Adventure sports do not come much more fringe or hardcore than iceberg climbing. Just ask Canadian adventurer Will Gadd, who has climbed and jumped from icebergs ten miles off Labrador’s coast.
“Soon after I jumped off this brittle, 10,000-year-old berg, a dump truck-size block broke off right where I’d been perched! We learned that mountain boys may well be out of their depths in the North Atlantic,” Gadd told National Geographic.
Gadd isn’t the only daredevil to scale slippery frozen chunks in the middle of the ocean, however. At least two other people go iceberg climbing, namely fellow Canadian Justin Emberley and his French friend Kevin Le Morzadec. ”We’re not just like crazy people going in the water and climbing. We do know the risks. We do know that if we go on it, it can break and we can die,” Emberley told CBC News in April. The dangers of the sport are extreme, to say the least. An iceberg can flip any time, throwing whoever is on it into the frigid ocean along with massive shards of ice. According to Gadd, though, it feels “surreal” to hang by an ice ax over crystal clear water.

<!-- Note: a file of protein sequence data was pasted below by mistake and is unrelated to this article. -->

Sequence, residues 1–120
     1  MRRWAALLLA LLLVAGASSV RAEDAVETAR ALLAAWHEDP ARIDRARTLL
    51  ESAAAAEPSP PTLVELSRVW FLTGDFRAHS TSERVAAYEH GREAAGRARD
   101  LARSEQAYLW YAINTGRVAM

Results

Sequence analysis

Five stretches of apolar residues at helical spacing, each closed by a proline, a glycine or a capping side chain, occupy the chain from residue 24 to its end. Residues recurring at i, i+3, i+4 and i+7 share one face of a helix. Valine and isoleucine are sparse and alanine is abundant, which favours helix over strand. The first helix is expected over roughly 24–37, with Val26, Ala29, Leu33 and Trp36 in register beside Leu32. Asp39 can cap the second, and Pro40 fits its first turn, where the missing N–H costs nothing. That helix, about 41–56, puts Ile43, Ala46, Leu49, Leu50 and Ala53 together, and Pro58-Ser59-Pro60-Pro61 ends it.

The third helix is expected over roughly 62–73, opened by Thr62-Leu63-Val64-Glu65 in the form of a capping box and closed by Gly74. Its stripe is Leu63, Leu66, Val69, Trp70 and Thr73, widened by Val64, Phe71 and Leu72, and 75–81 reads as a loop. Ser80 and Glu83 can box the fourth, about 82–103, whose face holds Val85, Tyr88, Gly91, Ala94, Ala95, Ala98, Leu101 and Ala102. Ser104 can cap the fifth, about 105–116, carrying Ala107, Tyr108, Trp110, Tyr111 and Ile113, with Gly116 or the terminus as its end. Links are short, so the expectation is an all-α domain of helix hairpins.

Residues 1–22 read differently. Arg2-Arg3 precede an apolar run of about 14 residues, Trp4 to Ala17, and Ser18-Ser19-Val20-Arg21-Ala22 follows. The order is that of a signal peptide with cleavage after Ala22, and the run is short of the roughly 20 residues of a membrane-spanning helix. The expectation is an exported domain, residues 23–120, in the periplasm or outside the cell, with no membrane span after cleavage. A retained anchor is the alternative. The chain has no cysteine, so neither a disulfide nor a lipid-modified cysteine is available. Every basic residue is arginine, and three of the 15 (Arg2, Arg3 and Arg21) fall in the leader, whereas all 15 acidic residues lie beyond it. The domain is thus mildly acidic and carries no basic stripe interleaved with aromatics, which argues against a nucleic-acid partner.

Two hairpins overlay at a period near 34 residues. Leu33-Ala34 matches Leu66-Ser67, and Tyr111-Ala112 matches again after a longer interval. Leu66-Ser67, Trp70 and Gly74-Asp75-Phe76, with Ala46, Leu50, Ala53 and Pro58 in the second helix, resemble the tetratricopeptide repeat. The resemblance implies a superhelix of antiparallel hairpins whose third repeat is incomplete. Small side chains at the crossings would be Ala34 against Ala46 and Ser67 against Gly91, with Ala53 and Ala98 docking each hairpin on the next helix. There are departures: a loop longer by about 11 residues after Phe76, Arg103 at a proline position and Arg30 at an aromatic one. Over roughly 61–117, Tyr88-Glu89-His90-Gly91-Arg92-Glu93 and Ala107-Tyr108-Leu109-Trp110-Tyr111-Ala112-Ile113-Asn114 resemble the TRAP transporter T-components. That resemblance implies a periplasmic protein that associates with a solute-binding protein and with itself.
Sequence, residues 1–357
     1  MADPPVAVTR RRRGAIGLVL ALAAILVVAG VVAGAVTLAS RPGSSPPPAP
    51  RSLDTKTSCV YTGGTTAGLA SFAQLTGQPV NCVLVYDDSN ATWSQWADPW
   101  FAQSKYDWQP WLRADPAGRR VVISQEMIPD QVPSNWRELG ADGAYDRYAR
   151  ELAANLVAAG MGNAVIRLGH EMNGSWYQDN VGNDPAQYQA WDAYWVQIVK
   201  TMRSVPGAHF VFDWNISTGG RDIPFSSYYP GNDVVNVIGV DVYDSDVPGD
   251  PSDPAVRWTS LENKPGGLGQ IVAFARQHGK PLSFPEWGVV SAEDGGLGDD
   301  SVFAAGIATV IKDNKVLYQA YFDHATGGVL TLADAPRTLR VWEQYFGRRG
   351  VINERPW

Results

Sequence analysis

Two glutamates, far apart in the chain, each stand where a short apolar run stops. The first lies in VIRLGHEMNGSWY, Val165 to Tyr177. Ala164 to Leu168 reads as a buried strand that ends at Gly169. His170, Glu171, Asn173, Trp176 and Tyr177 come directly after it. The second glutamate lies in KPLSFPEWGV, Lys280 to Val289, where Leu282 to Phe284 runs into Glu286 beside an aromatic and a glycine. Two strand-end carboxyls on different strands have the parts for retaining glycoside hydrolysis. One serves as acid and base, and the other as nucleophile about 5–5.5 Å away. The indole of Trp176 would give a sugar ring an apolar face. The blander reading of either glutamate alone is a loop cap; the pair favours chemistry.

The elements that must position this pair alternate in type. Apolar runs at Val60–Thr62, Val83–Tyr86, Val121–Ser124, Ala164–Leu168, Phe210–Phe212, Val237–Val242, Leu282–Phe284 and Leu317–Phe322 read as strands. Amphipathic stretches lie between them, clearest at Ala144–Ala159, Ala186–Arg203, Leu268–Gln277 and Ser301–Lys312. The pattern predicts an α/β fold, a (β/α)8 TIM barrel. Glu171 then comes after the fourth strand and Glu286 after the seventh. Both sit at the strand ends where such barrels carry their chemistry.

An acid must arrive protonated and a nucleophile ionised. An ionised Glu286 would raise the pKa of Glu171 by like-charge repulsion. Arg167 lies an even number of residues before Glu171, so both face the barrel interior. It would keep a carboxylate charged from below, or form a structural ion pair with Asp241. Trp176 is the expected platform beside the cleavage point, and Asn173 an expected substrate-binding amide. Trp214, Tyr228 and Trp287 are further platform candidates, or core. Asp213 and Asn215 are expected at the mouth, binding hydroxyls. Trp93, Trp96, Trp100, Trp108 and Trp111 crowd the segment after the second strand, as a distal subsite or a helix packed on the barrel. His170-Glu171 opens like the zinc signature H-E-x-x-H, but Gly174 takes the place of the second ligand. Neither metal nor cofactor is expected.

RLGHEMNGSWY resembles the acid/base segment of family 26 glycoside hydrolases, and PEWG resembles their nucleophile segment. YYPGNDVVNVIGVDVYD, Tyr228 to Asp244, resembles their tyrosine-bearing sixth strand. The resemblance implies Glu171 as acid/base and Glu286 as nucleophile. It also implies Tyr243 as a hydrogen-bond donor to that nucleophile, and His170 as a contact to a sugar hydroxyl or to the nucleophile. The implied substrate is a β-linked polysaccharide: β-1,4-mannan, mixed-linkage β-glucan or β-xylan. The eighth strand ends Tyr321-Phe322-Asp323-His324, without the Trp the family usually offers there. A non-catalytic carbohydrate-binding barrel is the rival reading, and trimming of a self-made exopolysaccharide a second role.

All we know is that iceberg climbing makes its rocky, dry land counterpart look tame.